Parenting Facts: Know Why Parents Should Be More Worried With Boys

By Abbie Kraft, Parent Herald January 10, 09:58 pm
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Boys are more prone to negative emotions as it they are easily affected by environmental stress during their fatal stage and after they would go out of the womb.
(Photo : Michael B. Thomas/Getty Images)

It may be a common connotation that girls need extra TLC during their early years but a research revealed that parents should be more worried about their sons compared to their daughters. There are countless factors as to why boys should get extra attention compared to girls.

Allan N. Schore cited that parents should worry more about their sons during the early years. Psychology Today explained that boys are late bloomers, which means that it takes time for them to fully mature.

Boys are slower in terms of growing physically, socially and even through their verbal skills. Another aspect that is being pointed out is the fact that boys are more fragile compared to girls. In addition, the stress-regulation circuitries take time to mature in boys, as compared to girls.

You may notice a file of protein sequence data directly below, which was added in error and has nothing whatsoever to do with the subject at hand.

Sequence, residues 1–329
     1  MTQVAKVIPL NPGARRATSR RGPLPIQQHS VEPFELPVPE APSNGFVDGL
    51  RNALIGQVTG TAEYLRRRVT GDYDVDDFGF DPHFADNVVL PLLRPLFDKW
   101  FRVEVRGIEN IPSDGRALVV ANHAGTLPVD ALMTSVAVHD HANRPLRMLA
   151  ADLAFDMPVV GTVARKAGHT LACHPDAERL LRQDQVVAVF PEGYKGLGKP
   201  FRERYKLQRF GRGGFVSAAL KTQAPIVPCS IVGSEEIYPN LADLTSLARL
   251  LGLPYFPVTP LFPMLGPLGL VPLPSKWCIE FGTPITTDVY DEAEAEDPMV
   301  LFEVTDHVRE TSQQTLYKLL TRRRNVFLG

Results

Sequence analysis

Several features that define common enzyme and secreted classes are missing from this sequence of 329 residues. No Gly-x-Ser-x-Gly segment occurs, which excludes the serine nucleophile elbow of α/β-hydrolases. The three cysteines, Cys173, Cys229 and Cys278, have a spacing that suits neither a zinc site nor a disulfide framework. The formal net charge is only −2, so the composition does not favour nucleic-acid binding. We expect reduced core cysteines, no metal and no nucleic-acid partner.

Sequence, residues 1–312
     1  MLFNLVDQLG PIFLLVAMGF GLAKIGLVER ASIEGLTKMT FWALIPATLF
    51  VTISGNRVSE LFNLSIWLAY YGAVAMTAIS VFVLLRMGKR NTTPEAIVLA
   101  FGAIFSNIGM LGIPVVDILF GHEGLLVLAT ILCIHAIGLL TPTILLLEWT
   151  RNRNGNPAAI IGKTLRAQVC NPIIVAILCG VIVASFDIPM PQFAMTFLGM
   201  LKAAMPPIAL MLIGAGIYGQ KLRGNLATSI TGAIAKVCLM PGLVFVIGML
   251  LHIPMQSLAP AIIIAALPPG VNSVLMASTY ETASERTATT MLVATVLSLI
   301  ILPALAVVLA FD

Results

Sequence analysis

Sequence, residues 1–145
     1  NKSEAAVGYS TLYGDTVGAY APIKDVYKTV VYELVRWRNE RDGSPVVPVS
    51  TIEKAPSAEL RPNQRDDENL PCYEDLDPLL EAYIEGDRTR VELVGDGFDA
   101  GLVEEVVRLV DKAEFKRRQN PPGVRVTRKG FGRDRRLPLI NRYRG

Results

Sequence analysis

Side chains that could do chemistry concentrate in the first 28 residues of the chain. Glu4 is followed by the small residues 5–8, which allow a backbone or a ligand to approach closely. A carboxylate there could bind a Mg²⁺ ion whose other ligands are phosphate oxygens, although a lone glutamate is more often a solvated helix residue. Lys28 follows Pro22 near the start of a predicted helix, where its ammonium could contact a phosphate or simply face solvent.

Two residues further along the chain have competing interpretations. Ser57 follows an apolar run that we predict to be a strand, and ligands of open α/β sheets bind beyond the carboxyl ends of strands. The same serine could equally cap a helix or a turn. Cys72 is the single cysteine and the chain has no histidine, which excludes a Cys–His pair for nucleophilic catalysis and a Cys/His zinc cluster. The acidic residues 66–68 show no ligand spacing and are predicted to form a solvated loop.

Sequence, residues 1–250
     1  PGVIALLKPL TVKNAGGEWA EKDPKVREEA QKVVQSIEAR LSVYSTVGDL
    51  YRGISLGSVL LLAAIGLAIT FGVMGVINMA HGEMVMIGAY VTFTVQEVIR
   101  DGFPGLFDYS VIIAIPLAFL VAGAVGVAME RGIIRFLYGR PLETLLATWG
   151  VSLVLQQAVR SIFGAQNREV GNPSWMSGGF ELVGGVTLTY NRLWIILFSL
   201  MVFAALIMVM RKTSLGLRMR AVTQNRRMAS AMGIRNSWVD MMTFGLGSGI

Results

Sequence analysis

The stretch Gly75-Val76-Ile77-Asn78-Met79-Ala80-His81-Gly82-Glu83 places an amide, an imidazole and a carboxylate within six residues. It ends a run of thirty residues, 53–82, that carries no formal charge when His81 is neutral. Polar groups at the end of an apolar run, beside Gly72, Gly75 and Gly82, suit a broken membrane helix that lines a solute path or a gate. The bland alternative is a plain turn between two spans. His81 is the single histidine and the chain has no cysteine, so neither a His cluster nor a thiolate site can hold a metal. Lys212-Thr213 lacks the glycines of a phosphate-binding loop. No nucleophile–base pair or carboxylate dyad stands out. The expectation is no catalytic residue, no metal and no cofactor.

Boys are also more prone to negative emotions as it was highlighted that they are easily affected by environmental stress during their fatal stage and after they would go out of the womb. Unlike their female counterparts, boys are not equipped to stress as girls have a built-in mechanism that gives them the resiliency to handle stress.

By the time a boy would reach six months, it was explained that they show higher frustration compared to girls. By the time a male child would reach its first year, it was cited that they greatly reach to negative stimuli compared to girls.

Furthermore, it was explained that boys are sensitive to gestational and maternal stress, which means that they are more prone to stress and depression while inside the womb. Due to their sensitivity to negative stimuli, boys are more prone to having attachment trauma, which negatively impacts the right hemisphere of the brain.

"Boys... are more demanding social partners, have more difficult times regulating their affective states," Schore stated. "And may need more of their mothers support to help them regulate affect. This increased demandingness would affect the infant boys' interactive partner."

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